Major changes proposed for the NHS have sparked fears that the Princess Royal Hospital in Haywards Heath could be ‘downgraded.’
Mid Sussex councillor Anne Jones helped to spearhead a successful campaign to save the hospital’s A&E and maternity units when they were threatened with closure back in 2000.
Now, she said, she fears the town could have another battle on its hands following proposals to shut accident and emergency departments, and maternity units, across the country as part of a major government-led campaign to save the NHS billions.
“I’m just worried that we are going to have to fight again for what we need,” she said. “I fear that even more services will be moved either to Redhill or to the Royal Sussex County Hospital in Brighton - with that city also needing facilities.”
Neurological services have already moved from Haywards Heath to Brighton, along with emergency stroke care.
She said there was already a shortage of hospital beds in the area and Burgess Hill, in particular, was facing a huge increase in population with additional homes being built in the district.
“The reason we are in this crisis where hospitals and ambulance services are not meeting their targets is because of the reduction in beds - where do you put the patients?”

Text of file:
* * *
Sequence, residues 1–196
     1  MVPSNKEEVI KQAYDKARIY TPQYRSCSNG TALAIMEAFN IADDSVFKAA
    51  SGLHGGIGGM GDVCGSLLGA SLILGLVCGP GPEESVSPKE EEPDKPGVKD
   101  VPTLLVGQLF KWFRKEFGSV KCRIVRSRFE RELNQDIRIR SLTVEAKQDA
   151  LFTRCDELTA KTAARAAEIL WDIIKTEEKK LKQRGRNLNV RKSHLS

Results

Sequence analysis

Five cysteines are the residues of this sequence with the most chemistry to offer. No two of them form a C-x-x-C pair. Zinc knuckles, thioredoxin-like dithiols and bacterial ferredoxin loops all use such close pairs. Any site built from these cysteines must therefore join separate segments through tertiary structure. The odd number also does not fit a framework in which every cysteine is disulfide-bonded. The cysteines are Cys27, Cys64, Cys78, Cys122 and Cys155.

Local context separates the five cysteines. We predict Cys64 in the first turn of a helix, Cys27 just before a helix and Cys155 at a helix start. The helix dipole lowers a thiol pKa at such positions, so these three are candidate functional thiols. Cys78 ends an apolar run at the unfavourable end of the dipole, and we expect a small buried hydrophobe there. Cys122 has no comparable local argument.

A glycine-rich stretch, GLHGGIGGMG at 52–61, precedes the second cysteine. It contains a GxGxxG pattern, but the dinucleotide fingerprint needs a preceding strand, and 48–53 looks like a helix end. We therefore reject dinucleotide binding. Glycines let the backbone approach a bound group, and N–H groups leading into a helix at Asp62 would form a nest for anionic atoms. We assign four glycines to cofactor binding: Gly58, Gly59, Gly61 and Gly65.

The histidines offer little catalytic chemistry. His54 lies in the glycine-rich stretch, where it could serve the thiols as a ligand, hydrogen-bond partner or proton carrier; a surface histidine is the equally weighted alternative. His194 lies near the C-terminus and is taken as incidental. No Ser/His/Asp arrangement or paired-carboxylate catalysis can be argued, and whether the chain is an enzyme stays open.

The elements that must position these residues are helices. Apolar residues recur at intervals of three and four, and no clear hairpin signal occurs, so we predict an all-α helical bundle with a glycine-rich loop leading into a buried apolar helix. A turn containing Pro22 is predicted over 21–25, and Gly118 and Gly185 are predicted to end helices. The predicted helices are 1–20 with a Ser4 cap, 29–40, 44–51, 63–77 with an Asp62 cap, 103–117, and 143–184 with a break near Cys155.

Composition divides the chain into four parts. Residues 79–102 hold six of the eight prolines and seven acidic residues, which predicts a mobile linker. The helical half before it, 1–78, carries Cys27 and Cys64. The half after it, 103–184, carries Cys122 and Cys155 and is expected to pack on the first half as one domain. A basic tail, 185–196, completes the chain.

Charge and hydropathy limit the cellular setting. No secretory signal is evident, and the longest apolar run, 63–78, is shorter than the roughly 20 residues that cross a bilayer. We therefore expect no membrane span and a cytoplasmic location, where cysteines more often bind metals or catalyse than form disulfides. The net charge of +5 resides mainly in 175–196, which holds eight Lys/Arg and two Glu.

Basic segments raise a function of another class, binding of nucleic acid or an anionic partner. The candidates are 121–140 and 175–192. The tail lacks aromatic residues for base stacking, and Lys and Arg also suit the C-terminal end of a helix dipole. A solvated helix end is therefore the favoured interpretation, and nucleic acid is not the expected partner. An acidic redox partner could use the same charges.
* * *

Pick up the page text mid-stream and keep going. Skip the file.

She said she feared the government’s ‘sustainability and transformation’ plans for the NHS would see more cuts and more health service staff lose their jobs.
Many staff, she said, were already demoralised. “They are working their socks off and they are not receiving the praise they deserve.”
Horsham and Mid Sussex Clinical Commissioning Group, which is responsible for planning, monitoring and paying for healthcare in the region, is currently liaising with other health groups to see what money-saving changes can be made.
However, accountable officer Geraldine Hoban pledged at a meeting earlier this month that there were “no plans to cut services. They are not looking to close A&Es or close beds.”
Nevertheless, proposals contained in the area’s ‘transformation’ plan include a focus on more care in the community and a bid to cut the numbers of people needing hospital admission.